This newsletter was written and produced by CWM, LLC. Content in this material is for general information only and not intended to provide specific advice or recommendations for any individual. All performance referenced is historical and is no guarantee of future results. All indices are unmanaged and may not be invested into directly. The views stated in this letter are not necessarily the opinion of Cetera Advisor Networks LLC and should not be construed directly or indirectly as an offer to buy or sell any securities mentioned herein. Due to volatility within the markets mentioned, opinions are subject to change with notice. Information is based on sources believed to be reliable; however, their accuracy or completeness cannot be guaranteed. Past performance does not guarantee future results.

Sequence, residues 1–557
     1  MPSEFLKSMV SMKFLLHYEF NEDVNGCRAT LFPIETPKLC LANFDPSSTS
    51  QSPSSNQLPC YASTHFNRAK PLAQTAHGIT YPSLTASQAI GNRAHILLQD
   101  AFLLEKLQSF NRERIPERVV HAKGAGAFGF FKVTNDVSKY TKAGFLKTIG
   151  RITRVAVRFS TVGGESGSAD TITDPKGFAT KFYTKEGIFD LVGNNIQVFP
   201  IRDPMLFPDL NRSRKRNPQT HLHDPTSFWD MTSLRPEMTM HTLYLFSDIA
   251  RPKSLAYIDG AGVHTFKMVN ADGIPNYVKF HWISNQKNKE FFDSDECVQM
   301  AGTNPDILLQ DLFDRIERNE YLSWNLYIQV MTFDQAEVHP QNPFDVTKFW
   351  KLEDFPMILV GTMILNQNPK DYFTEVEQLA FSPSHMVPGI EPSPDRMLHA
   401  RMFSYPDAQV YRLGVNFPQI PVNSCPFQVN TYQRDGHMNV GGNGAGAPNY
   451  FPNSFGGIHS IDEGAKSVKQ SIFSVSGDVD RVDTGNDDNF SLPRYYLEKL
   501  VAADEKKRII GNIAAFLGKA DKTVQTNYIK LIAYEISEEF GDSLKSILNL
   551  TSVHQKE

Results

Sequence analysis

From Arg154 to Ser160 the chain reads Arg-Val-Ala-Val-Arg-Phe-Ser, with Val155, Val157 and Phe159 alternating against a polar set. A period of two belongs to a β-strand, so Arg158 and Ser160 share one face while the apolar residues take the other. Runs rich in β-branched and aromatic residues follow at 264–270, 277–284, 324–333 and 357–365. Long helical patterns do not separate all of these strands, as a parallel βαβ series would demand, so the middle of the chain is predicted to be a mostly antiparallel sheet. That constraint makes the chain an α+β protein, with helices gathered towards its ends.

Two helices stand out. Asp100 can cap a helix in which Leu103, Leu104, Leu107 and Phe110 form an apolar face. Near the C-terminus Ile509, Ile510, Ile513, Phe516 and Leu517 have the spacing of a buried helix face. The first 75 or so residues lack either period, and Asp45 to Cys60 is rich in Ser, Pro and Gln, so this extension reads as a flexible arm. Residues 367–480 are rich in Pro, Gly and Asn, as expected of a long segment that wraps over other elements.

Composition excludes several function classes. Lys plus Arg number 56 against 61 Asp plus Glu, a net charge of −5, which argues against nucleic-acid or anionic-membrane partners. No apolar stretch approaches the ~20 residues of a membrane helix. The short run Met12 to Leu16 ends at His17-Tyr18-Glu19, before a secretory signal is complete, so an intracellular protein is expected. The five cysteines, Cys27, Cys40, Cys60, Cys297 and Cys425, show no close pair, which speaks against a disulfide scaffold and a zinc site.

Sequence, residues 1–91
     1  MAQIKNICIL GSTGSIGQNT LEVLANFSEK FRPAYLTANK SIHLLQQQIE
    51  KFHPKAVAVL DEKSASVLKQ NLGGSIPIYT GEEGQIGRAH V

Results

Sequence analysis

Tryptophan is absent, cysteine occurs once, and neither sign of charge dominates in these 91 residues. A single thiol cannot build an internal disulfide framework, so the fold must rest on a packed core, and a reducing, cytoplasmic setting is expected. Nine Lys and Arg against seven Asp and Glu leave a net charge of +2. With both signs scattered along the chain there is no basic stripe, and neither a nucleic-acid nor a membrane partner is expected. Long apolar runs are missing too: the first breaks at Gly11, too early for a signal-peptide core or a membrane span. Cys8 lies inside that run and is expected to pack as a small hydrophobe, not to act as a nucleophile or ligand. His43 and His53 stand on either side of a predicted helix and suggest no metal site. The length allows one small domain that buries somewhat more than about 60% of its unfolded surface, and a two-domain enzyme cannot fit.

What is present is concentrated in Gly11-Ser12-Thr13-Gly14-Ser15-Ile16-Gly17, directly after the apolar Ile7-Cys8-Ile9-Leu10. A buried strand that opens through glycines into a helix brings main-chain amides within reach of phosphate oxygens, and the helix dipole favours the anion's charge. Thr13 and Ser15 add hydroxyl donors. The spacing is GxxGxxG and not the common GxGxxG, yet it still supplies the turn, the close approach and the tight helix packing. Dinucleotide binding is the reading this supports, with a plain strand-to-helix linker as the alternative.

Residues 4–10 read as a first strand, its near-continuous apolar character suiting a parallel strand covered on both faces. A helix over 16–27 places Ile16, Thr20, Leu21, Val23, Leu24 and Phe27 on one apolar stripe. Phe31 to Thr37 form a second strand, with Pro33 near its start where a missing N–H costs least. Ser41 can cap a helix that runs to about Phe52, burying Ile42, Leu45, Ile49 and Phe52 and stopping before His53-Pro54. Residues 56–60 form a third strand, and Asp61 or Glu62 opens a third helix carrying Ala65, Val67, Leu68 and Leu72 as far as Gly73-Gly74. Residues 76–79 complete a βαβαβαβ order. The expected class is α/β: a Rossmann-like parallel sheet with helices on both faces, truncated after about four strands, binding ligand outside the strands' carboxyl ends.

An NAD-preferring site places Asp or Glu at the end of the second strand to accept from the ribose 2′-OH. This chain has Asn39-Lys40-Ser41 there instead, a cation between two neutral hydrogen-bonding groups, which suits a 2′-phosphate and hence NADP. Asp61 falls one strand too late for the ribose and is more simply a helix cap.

The Dow Jones Industrial Average is comprised of 30 stocks that are major factors in their industries and widely held by individuals and institutional investors.


The NASDAQ Composite Index measures all NASDAQ domestic and non-U.S. based common stocks listed on The NASDAQ Stock Market. The market value, the last sale price multiplied by total shares outstanding, is calculated throughout the trading day, and is related to the total value of the Index.


The Standard & Poor’s 500 Index is a capitalization weighted index of 500 stocks designed to measure performance of the broad domestic economy through changes in the aggregate market value of 500 stocks representing all major industries.

Wall Street Journal, February 2017.